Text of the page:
sucker

[suhk-er]
noun
1.
a person or thing that sucks.
2.
Informal. a person easily cheated, deceived, or imposed upon.
3.
an infant or a young animal that is suckled, especially a suckling pig.
4.
a part or organ of an animal adapted for sucking nourishment, or for adhering to an object as by suction.
5.
any of several freshwater, mostly North American food fishes of the family Catostomidae, having thick lips: some are now rare.
6.
Informal. a lollipop.
7.
the piston of a pump that works by suction, or the valve of such a piston.
8.
a pipe or tube through which something is drawn or sucked.
9.
Botany. a shoot rising from a subterranean stem or root.
10.
Informal. a person attracted to something as indicated: He's a sucker for new clothes.
11.
Slang. any person or thing: He's one of those smart, handsome suckers everybody likes. They're good boots, but the suckers pinch my feet.
verb (used with object)
12.
Slang. to make a sucker of; fool; hoodwink: another person suckered by a con artist.
verb (used without object)
13.
to send out suckers or shoots, as a plant.

Origin:
1350–1400; 1835–45 for def 2; Middle English; see suck, -er1

suckerlike, adjective

succor, sucker.
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Based on the Random House Dictionary, © Random House, Inc. 2014.
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World English Dictionary
sucker (ˈsʌkə)
 
n
1.  a person or thing that sucks
2.  slang a person who is easily deceived or swindled
3.  slang a person who cannot resist the attractions of a particular type of person or thing: he's a sucker for blondes
4.  a young animal that is not yet weaned, esp a suckling pig
5.  zoology an organ that is specialized for sucking or adhering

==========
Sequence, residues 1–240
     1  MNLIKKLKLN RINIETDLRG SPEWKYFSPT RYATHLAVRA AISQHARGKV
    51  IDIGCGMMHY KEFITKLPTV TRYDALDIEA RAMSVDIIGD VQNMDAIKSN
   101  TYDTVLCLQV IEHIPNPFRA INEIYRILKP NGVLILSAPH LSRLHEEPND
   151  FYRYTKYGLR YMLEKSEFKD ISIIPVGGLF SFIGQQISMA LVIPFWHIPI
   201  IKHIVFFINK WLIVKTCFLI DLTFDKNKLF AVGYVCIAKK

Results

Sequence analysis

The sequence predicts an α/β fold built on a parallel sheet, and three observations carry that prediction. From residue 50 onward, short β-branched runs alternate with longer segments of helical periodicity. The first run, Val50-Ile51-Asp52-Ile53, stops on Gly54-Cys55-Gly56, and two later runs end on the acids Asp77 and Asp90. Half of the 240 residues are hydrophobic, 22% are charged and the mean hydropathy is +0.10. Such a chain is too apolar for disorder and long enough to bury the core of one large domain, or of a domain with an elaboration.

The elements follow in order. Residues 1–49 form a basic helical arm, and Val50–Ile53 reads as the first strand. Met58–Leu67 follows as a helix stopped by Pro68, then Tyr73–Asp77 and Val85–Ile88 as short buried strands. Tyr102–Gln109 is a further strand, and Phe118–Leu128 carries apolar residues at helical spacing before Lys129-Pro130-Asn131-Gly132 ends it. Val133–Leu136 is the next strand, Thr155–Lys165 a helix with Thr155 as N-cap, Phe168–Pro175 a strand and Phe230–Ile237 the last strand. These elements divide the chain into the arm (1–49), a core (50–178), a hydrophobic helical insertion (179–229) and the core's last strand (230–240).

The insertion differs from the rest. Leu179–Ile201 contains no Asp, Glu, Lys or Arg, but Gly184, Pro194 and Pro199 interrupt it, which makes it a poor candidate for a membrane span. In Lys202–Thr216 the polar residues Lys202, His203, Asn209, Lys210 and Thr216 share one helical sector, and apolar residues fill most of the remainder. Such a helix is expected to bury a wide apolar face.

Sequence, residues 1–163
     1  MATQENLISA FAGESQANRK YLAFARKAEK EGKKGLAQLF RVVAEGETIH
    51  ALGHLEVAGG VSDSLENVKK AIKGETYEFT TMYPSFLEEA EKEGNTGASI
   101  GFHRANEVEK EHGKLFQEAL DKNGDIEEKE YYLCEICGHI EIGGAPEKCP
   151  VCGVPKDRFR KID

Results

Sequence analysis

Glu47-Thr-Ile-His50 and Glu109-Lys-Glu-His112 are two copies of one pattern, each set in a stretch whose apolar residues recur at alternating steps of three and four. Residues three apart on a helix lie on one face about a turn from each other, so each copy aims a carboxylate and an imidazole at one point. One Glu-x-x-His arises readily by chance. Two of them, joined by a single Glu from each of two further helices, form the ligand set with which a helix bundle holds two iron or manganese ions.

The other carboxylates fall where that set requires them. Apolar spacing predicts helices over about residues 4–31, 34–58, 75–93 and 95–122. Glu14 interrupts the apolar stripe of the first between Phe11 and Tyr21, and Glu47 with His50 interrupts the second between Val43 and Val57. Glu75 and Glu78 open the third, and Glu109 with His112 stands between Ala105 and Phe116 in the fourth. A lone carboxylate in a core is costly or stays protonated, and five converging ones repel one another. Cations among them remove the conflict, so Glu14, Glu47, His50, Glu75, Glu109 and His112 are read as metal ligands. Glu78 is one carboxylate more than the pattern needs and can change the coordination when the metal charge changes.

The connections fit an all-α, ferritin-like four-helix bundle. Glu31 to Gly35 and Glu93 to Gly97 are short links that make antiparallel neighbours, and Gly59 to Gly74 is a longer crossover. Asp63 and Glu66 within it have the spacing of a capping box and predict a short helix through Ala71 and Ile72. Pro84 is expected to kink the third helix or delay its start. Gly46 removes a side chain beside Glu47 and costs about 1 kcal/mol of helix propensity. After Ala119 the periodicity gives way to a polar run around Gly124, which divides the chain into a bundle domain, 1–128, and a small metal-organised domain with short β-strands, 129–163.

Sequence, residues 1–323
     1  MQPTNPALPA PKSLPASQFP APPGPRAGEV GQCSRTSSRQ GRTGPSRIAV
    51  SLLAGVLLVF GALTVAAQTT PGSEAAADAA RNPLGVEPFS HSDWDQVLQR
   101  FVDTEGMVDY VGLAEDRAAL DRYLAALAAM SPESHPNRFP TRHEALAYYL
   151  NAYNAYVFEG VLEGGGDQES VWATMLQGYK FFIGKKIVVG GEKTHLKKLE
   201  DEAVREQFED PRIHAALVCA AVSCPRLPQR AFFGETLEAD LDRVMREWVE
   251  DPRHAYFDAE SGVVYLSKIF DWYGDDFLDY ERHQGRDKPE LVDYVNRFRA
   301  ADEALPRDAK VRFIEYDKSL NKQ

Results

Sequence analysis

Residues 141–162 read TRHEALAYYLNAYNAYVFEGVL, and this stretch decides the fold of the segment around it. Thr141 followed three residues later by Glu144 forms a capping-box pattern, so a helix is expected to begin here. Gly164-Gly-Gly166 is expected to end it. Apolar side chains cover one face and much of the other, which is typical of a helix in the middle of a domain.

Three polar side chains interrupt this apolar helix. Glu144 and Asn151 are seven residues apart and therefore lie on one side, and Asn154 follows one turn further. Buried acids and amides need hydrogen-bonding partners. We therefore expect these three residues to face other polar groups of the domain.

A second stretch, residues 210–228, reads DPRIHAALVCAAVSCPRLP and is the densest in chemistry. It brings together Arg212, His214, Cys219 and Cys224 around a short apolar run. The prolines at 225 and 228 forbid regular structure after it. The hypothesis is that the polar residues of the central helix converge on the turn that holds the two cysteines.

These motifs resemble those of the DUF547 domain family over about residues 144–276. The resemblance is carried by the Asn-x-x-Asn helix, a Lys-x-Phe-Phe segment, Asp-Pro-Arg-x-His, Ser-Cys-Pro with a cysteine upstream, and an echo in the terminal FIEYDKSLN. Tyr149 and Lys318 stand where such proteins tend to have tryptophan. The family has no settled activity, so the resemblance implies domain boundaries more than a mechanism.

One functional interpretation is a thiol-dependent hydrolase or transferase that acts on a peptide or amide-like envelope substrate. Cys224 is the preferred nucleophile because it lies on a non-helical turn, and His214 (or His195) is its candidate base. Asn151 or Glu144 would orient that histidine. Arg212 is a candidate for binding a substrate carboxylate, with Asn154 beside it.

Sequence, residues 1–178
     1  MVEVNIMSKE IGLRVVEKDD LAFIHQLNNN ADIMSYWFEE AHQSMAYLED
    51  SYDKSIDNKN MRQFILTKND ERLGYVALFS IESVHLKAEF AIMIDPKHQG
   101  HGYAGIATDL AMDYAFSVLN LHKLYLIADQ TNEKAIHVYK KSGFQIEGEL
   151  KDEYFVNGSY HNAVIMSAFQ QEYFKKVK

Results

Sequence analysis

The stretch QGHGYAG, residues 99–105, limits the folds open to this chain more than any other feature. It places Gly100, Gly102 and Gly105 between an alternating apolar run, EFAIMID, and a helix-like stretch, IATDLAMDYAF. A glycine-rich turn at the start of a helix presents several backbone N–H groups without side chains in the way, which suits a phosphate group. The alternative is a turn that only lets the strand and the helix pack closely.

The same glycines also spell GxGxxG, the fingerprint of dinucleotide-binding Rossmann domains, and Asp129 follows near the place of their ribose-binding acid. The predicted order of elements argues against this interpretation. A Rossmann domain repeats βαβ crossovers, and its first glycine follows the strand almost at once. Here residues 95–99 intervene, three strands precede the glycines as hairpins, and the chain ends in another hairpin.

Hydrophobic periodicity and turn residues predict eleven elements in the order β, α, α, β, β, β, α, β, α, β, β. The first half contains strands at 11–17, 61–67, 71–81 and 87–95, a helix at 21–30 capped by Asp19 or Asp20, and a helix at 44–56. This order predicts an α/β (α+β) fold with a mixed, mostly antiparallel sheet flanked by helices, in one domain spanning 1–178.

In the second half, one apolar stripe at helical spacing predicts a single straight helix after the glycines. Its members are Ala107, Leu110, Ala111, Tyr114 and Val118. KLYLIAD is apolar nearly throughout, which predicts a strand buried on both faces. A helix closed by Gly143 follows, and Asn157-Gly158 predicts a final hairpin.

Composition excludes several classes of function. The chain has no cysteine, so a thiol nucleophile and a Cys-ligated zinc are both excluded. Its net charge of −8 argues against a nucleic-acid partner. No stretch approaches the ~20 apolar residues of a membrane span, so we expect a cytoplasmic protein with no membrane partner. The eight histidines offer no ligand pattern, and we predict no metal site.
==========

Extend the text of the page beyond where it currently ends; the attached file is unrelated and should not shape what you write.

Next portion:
6.  a cup-shaped device, generally made of rubber, that may be attached to articles allowing them to adhere to a surface by suction
7.  botany
 a.  a strong shoot that arises in a mature plant from a root, rhizome, or the base of the main stem
 b.  a short branch of a parasitic plant that absorbs nutrients from the host
8.  a pipe or tube through which a fluid is drawn by suction
9.  any small mainly North American cyprinoid fish of the family Catostomidae, having toothless jaws and a large sucking mouth
10.  any of certain fishes that have sucking discs, esp the clingfish or sea snail
11.  a piston in a suction pump or the valve in such a piston
 
vb
12.  (tr) to strip off the suckers from (a plant)
13.  (intr) (of a plant) to produce suckers

Collins English Dictionary - Complete & Unabridged 10th Edition
2009 © William Collins Sons & Co. Ltd. 1979, 1986 © HarperCollins
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Etymonline
Word Origin & History

sucker
"young mammal before it is weaned," 1382, from suck. Slang meaning "person who is easily deceived" is first attested 1836, Amer.Eng., on notion of naivete; the verb in this sense is from 1939. But another theory traces the slang meaning to the fish called a sucker (1753), on
the notion of being easy to catch in their annual migrations. Meaning "lollipop" is from 1823. Suckerpunch first recorded 1947.
Online Etymology Dictionary, © 2010 Douglas Harper
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American Heritage
Science Dictionary
sucker   (sŭk'ər)  Pronunciation Key 
  1. A part by which an animal sucks blood from or uses suction to cling to another animal. Leeches and remoras have suckers.

  2. A shoot growing from the base or root of a tree or shrub and giving rise to a new plant, a clone of the plant from which it comes. The growth of suckers is a form of asexual reproduction.


The American Heritage® Science Dictionary
Copyright © 2002. Published by Houghton Mifflin. All rights reserved.
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Example sentences
Mallon was not a pilgrim, or by his own reckoning a sucker.
If you buy their lies, you're either a sucker or getting paid by them to spread
  their unfounded talking points.
Working from the base, pull off the skin and sucker cups-everything should
  easily slide off, leaving the meat ready for use.
Stop being a sucker and letting these organic companies take advantage of your
  fear.
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